Volume 16 • Issue 52 | May 21 - 27, 2004

Building owners move closer to plan to evict artists

By Elizabeth O’Brien

Downtown Express photo by Elisabeth Robert

Tenants living above City Hall restaurant rallied outside the eatery earlier this month to protest the owners’ plan to evict them and do interior demolition.

On April 29, the city Department of Buildings approved construction plans filed by the owners of 131 Duane St., the landmark building that is home to City Hall restaurant, to demolish parts of the interior.

The decision moved Henry Meer and his partners in the development one step closer toward their goal of building an extended-stay luxury hotel in the five-story landmark building. This would involve evicting the rent-stabilized residents living above the restaurant, who have vigorously protested the plans.

The owners have declared their intention to evict tenants; the state Division of Housing and Community Renewal will decide whether the owners are able to oust the tenants, but it remains unclear when the agency will make its ruling. An agency spokesperson said he could not comment on pending matters.

Many fear that a decision in favor of the restaurant owners would set an alarming precedent. Under law, rent-stabilized tenants can be evicted if their owner is going to demolish the building. But 131 Duane involves only an internal rehab, not a complete demolition, opponents argue.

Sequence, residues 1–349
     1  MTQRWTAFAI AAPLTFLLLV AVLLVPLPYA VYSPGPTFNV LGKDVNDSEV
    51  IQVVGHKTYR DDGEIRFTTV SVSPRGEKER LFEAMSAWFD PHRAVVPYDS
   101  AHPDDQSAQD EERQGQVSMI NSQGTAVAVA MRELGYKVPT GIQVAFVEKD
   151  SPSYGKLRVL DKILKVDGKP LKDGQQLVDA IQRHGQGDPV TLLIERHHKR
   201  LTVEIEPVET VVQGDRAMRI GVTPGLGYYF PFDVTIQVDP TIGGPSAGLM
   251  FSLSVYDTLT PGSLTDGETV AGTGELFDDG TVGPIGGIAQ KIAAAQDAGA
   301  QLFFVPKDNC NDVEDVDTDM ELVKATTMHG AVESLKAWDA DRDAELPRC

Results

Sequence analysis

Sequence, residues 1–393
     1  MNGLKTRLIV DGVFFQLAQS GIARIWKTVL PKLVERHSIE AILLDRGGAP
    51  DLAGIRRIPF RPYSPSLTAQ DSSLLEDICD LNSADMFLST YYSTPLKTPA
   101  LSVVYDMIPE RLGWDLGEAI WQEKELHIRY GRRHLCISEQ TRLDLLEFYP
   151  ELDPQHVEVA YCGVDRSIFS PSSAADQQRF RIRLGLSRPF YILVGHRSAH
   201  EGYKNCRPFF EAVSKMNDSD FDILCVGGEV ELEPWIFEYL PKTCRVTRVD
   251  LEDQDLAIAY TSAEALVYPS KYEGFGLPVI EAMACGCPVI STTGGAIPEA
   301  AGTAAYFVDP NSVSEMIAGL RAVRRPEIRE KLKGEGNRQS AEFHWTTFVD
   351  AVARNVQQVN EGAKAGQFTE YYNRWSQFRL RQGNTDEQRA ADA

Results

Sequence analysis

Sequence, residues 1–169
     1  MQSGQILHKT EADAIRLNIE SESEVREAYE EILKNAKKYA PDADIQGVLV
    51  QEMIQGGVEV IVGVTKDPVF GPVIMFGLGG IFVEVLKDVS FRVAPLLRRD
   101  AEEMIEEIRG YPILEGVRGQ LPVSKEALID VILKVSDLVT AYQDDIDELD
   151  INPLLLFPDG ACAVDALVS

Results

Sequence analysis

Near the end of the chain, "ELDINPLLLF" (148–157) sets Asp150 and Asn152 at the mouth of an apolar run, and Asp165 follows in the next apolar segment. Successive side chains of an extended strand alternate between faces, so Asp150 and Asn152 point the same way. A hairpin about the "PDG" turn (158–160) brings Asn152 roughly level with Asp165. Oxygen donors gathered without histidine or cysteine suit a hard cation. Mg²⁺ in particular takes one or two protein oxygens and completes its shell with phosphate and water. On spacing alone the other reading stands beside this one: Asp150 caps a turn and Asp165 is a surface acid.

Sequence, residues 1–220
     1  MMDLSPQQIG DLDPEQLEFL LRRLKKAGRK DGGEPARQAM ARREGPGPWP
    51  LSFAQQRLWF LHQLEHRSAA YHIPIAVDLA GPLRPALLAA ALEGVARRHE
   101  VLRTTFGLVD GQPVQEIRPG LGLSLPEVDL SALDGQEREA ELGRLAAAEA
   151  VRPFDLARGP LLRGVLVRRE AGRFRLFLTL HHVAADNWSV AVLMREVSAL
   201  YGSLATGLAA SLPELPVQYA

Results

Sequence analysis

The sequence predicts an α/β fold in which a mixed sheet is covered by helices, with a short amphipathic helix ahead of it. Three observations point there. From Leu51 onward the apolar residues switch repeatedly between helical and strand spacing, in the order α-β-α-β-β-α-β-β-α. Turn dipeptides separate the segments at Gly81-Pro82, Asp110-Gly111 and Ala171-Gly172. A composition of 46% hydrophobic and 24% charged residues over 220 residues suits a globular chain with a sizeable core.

Robert Petrucci, a housing attorney representing the residents of 131 Duane, said he was not aware of any similar cases in New York City where owners argued for an internal demolition to evict rent-stabilized tenants.

“It is a very dangerous thing,” Petrucci said in a telephone interview.

Chuck DeLaney, the tenants’ representative on the New York City Loft Board, agreed. Demolition has previously referred only to tearing down a building, not to the kind of internal work proposed by the 131 Duane owners, he said.

“In this instance, a novel interpretation has been advanced, and were that to succeed, I think it’d be a very serious new loophole,” DeLaney said.

The wait to learn their fate has left many tenants anxious.

“I’m trying to work and paint and not have it bother me, but I’m more rattled than I thought,” said Bruce Porter, 61, a painter and professor at Hunter College who with his wife has lived in a 2,700 square foot live/work space at 131 Duane since the mid-1970s. At that time, he said, Duane St. was a hub for wholesale shoes, with trucks making pickups and deliveries at all times of the day and night. There was no hint then of the tony neighborhood that Tribeca would become.

Since the building is an exterior landmark, any construction on it requires the approval of the city Landmarks Preservation Commission; the commission has issued a declaration of appropriateness certifying that the proposed renovations will not harm the building’s facade, said Robert Tierney, chair of the Commission, in a telephone interview.

New York State Assemblymember Deborah Glick, State Senator Martin Connor and City Councilmember Alan Gerson have all written letters in support of the tenants at 131 Duane.

Meer did not return a call for comment on this article, and he has not returned previous calls from Downtown Express to discuss the matter.


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